The second part, Neck, is primarily employed to generate feature pyramids, which benefit YOLO-v5 in generalizing the object scaling for identifying the same object with different sizes and scales. In YOLO-v5, Neck employs Path Aggregation Network (PANet) as a parametric polymerization mechanism for different bone and detector levels. The feature grid is connected to all the feature layers by the adaptive feature pools provided by PANet. Consequently, the useful information obtained from each feature layer can be transmitted directly to the proposed subnetwork (Liu et al. 2018; Cheng and Zhang 2020).

The final detection is performed in the part of Head, which is the same as the previous YOLO-v3 and v4 versions. Head generates anchor boxes for feature maps and outputs final output vectors with class probabilities and bounding boxes of detected knots.

Fig. 4. The architecture of YOLO-v5 model

Experimental Configuration

The experiments were conducted in the environment represented in Table 2. The implementation of YOLO-v5 was downloaded from the website, ultralytics/yolov5. The release of YOLO-v5 includes four models of different sizes: YOLO-v5s (smallest), YOLO-v5m, YOLO-v5l, YOLO-v5x (largest). YOLO-v5m model was selected in this work due to the compromise of its modest size and outstanding performance. The network was pre-trained with Coco dataset and it was fine-tuned using Dataset 1 or Dataset 2 mentioned above.

Table 2. Configuration of Experimental Environment

Evaluation Metrics

The output of the detectors was compared with the manual annotations to evaluate the performance quantitatively. Precision, Recall Rate, and overall accuracy F-Score were calculated according to Eqs. 1 through 3 (Goutte and Gaussier 2005),




where TP (true positive) referred to the number of the correctly detected knots, FP (false positive) indicated the number of the extra knots that did not exist on the timber surface (commission error), and FN (false negative) denoted the number of knots that were not detected (omission error). Obviously, Precision indicated the ratio of correctly detected knots out of all detected knots. Recall Rate was an indication of the detector’s sensitivity. F-Score provided a way to combine both Precision and Recall Rate into a single measure that captured both properties. A higher F-Score indicated a more accurate model.


Experiments on Dataset 1

Data augmentation

The data loader of YOLO-v5 makes three kinds of augmentations automatically: scaling, color space adjustments, and mosaic augmentation. Mosaic is a novel and effective data augmentation technique, which combines 4 training images into one in certain ratios, as demonstrated in Fig. 5. It is beneficial to optimize the performance of the detector and avoid overfitting by enriching the training dataset.


The dataset was randomly split as follows: 80% for training, 10% for validation, and 10% for testing. The total numbers of knots contained in the three subsets were 305, 37, and 36, respectively. GIOU_Loss was used as the loss of the bounding box (Jiang et al. 2021) and the threshold for non-maximum suppression (NMS) of the bounding box was 0.45. Table 3 lists the main training parameters.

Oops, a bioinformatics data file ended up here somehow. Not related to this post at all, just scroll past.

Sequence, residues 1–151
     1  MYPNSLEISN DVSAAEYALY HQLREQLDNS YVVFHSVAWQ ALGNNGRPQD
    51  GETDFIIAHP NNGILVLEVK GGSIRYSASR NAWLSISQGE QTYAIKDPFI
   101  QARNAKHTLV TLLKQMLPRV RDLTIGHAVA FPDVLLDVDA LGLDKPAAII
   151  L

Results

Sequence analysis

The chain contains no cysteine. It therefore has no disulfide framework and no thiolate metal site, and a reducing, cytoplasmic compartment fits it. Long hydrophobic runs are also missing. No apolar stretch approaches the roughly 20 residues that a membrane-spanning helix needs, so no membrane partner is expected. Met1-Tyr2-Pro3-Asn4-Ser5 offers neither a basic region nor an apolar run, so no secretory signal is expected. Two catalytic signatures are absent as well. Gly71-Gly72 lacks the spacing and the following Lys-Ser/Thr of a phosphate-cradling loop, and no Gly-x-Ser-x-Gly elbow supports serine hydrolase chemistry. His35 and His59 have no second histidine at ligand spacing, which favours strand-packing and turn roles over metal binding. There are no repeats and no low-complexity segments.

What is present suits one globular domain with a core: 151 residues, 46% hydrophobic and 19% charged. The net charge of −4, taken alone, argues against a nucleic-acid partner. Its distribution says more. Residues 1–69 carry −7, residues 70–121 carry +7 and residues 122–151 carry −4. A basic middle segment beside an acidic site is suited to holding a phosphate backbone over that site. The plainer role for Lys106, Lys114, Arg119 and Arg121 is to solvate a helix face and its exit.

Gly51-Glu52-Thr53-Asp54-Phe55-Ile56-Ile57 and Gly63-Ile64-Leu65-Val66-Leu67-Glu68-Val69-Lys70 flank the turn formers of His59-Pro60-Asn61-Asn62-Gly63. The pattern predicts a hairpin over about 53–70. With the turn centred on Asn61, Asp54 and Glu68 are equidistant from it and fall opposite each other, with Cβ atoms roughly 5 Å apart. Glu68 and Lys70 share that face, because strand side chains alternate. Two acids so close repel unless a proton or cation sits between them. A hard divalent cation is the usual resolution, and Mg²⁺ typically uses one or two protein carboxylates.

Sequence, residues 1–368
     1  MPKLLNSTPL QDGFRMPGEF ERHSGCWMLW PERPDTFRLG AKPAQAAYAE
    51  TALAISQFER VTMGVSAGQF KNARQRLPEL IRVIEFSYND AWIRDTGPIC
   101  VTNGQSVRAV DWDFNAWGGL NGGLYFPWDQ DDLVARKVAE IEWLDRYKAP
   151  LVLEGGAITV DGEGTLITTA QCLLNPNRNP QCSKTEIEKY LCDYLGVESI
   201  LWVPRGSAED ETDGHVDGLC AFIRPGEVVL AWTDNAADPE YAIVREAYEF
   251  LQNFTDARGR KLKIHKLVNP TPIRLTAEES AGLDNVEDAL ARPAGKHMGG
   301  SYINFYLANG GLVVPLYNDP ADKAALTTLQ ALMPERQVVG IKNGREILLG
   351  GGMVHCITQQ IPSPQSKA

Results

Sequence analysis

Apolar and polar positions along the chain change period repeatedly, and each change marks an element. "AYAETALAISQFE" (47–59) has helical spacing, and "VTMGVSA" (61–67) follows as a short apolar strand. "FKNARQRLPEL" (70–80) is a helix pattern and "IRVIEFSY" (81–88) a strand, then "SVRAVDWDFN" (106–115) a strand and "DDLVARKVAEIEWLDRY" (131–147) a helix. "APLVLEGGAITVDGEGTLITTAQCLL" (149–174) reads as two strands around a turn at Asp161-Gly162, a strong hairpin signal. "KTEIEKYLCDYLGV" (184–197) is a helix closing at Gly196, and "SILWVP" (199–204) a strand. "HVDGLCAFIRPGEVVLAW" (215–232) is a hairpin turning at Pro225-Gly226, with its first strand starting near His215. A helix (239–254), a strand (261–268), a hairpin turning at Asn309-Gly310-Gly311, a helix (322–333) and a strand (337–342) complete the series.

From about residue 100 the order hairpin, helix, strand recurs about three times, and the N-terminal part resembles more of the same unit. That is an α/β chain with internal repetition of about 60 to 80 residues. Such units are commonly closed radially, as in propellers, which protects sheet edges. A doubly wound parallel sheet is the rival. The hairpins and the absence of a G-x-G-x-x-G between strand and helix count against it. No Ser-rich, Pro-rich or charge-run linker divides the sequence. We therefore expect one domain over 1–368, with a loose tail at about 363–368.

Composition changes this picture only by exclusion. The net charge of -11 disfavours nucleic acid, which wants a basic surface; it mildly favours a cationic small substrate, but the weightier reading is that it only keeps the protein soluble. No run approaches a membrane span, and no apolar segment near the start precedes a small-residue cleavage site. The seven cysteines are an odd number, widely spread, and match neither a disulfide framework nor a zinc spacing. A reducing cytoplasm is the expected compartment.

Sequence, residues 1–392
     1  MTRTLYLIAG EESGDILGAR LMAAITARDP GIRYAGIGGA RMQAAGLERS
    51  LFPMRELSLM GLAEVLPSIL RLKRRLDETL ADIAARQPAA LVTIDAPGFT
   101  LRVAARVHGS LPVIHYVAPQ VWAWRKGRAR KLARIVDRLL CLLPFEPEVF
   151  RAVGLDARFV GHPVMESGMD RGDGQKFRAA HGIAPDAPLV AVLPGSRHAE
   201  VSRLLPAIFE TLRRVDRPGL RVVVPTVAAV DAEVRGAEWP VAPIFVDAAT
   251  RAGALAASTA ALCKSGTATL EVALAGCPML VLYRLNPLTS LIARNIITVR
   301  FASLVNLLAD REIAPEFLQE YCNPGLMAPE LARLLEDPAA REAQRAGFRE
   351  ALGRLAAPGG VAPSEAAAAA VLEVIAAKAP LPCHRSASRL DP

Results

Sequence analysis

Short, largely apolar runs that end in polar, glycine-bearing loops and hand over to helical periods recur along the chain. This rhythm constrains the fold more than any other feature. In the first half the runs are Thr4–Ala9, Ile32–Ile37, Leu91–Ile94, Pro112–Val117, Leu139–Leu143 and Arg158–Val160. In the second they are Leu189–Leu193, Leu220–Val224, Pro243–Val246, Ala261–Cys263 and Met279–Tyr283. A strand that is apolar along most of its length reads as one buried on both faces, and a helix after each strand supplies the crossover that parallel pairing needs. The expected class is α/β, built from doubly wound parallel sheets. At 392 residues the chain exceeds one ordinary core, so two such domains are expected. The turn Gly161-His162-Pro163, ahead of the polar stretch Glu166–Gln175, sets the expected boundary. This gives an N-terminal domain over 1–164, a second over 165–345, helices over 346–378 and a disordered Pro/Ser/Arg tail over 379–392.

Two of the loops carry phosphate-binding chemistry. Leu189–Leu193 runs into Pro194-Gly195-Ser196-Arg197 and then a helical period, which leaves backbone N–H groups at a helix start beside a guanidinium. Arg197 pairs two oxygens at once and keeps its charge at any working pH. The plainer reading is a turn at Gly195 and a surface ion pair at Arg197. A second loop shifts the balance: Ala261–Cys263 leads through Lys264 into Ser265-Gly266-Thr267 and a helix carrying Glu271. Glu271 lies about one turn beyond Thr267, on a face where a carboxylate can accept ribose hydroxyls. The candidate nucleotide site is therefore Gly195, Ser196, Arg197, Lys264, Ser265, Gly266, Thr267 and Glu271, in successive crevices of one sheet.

Fig. 5. Illustration of the mosaic data augmentation

Table 3. Main Training Parameter

In the training process, each iteration can be divided into two steps. First, the data in the training set was applied to the model, and the model automatically adjusted the weight according to the loss value. Then, the data in the validation set was applied to the model. Consequently, the loss value was calculated using the weight just updated. The loss value obtained using the data in the validation set was used as an important index to evaluate the performance of the model.

Fig. 6. The loss for the YOLO-v5 in training

The training finished after 1000 iterations, and a weight file with a size of 43.3 MB was obtained. The training work took 7.23 h. The loss for validation dataset during training is shown in Fig. 6.

After the first 20 iterations, the loss dropped rapidly from 0.144 to 0.052. Then, a steady decline can be observed from the curve of the loss even though an oscillation appeared. After 800 iterations, the loss tended to be stable and gradually approached 0.009. The loss curve showed that YOLO-v5 has a strong learning ability and can converge quickly.

Detection performance

The trained YOLO-v5 model was utilized to detect the images of the testing set. The object confidence threshold was 0.25. Figure 7 shows the results of six typical samples. Rectangles were employed to mark the knots detected. The confidence coefficients were also represented on the top of the rectangles.

Fig. 7. The detection results of some typical samples: (a) dark knot; (b) decayed knot; (c) sound knot; (d) pin knot; (e) edge knot; (f) irregular knot

The trained YOLO-v5 accurately detected the knot defects. The knots in Fig. 5(a) and (b) featured a different grain pattern and a distinctly different color. Figure 5(c) shows a sound knot whose color was very close to the surrounding tissues. The image shown in Fig. 5(d) contained some pin knots, which often have an actual size that is less than one-fourth of an inch in diameter. Note that some researchers argued that YOLO-v5, like other existing methods, is still deficient in detecting small targets, especially those near large targets (Wang et al. 2021). The detecting results in this work showed that YOLO-v5 is enough for the application of pin knot detection. An edge knot is shown in Fig. 5(e). The whole knot was split into two different pieces. As a result, the geometric shape and the grain changed significantly. The knot in Fig. 5(f) has an irregular shape. Generally, it was challenging for the traditional methods to identify all these types of knots. However, the detection results demonstrated that YOLO-v5 model can detect them with high confidence coefficients (most of the confidence coefficients are bigger than 0.90).